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There are many ways you can help children and their families get the care they need.
Tracheoesophageal fistula (TEF) is an abnormal connection in one or more places between your child's esophagus and the trachea. TEF can cause respiratory (breathing) problems as a result of stomach (gastric) juices passing through the fistula and into the lungs. TEF usually occurs with esophageal atresia (EA).
At Boston Children’s Esophageal Airway Treatment Center, our doctors usually repair this condition in one operation in the first day or two of your baby's life. Many surgeons will try to repair the TEF with minimally invasive techniques, unsuccessfully, increasing the risk that it will reoccur. The scarring caused by these procedures makes further repair more difficult. Recurring (repeating) TEF can be larger and more dangerous. Recurring TEF can potentially damage other structures, such as the voice box.
Normally, the esophagus (the tube that connects the throat to the stomach) and the trachea (the tube connecting the throat to the windpipe and lungs) are separate.
A tracheoesophageal fistula is an abnormal connection between these two tubes. As a result, swallowed liquids or food can be aspirated (inhaled) into your child’s lungs. Feeding into the stomach directly can also lead to reflux (regurgitation) and inhalation (aspiration) of the stomach acid and food. Your child can have one or more fistulas (TEFs).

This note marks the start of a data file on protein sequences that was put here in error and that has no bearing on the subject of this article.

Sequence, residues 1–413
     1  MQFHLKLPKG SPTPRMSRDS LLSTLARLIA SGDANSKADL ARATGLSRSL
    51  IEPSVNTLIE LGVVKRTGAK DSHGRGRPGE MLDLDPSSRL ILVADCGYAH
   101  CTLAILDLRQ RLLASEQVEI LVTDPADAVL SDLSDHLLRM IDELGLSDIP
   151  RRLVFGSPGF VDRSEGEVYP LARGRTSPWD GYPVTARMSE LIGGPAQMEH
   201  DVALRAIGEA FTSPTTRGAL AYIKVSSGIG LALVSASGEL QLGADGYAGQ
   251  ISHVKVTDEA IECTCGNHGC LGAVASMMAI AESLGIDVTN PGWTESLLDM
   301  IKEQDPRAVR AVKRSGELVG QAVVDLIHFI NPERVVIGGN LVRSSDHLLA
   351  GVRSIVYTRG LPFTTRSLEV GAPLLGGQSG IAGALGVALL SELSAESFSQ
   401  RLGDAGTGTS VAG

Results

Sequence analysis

After repair of a TEF, there is an increasing likelihood that the TEF will return (recurrent TEF), and be larger and more dangerous with time. It is also possible, though rare, that a TEF can be present from the upper end of the esophagus to the trachea. This means that swallowed liquids would pass directly into the lungs.
TEF often occurs with esophageal atresia.
After your child is diagnosed with tracheoesophageal fistula, you may feel overwhelmed with information. Your neonatologist or pediatric surgeon may suggest that your child be treated at the hospital where you delivered.
However, given the rarity of this condition and the importance of a successful first treatment to avoid further recurrence(repeated procedures can result in complications), it is important to know all of your options. You want the best possible care for your child, which means working with surgeons who have significant experience treating this condition and have proven, excellent results.
Here are some questions you may want to ask your doctor:
To make an appointment or speak with a member of our team, please call 617-355-3038.
For families residing outside of the United States, please call Boston Children's International Health Services at +01-617-355-5209.
We are grateful to have been ranked #1 on U.S. News & World Report's list of the best children's hospitals in the nation for the third year in a row, an honor we could not have achieved without the patients and families who inspire us to do our very best for them. Thanks to you, Boston Children's is a place where we can write the greatest children's stories ever told.”